Prior to finalizing your objectives, you need to carefully review each one and ask yourself which objectives are obtainable. You need to consider your financial resources, level of knowledge, availability of time and the characteristics of your property when making this assessment. Remember, be realistic and set your objectives within your limits and that of your property.

5. Preparing an inventory

The four main components of an inventory include forest cover (trees), physical features, wildlife and other vegetation. Preparing an inventory of your forest is a very important component of your plan. The better the inventory information that you have, the better decisions you can make. The amount of information collected will depend on your objectives and the activities you plan to undertake.

Detailed information about conducting a forest inventory can be obtained by reading A True Picture - Taking Inventory of Your Woodlot.

6. Scheduling of activities

In this section you need to identify the activities you are going to undertake in the next five or ten-year period. When preparing your schedule of activities you should always be able to answer:

What – describe the activities to be undertaken;

Why – what objectives will these activities help you to achieve;

Where – list the forest compartment where the activities will take place and how many hectares will be treated; and

When – what year and season will the work be undertaken.

If you cannot answer all four of these questions about the activity you are planning, then you need to go back and check if you are being consistent with your management plan.

7. Record of activities

A complete record of your management activities will be useful in the future:

  • The information that you collect can be used later to update the property management history section of your management plan.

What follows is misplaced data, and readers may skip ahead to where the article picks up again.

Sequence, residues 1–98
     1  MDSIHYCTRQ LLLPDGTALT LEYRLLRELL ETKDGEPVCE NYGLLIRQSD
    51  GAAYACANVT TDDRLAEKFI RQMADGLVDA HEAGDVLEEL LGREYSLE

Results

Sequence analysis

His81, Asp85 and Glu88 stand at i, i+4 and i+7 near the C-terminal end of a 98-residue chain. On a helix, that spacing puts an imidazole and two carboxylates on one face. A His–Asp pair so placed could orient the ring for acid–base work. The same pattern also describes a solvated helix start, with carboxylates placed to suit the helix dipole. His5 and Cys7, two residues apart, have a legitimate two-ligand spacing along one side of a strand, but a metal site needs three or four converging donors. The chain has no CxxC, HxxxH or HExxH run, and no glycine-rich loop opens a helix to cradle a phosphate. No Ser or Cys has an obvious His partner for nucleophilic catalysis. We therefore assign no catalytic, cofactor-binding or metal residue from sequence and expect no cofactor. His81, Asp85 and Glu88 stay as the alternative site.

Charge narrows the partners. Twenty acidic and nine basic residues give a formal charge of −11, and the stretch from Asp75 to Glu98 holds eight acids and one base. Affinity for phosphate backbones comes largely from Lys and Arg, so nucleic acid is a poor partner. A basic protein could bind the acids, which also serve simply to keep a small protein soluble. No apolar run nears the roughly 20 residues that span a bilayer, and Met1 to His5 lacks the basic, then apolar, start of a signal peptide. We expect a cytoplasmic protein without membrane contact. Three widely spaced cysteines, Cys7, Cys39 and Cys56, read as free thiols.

• It provides a link back to your objectives and it provides a measuring stick to see how successful the work you undertake today is in the future.
  • Record details of costs associated with work completed, volumes and revenues generated from your forest, which is a requirement if you are operating as a business.

8. Review of Past Activities and Plan Update

Forest management is a long-term project. We should (but don't often) go back and assess the success of the work we did five, ten or fifteen years ago. Record your activities and monitor their results to provide you with valuable information.

Updating your plan will be required at some point in time. If you are planning your activities on a ten-year cycle then the plan should be reviewed and updated at that time. As a minimum, the review should include:

  • An update of your inventory (i.e. in areas where you have undertaken commercial harvesting);
  • A review of your objectives to ensure they are still relevant; and
  • Preparation of a new schedule of management activities for the next ten years.

Where to get help?

Looking for more information? An excellent guide to use in the development of your management plan is A Guide to Stewardship Planning for Natural Areas. 

Ontario Woodlot Association

10 Campus Dr., Unit 4

Kemptville, Ontario

K0G 1J0

Phone: 613-713-1525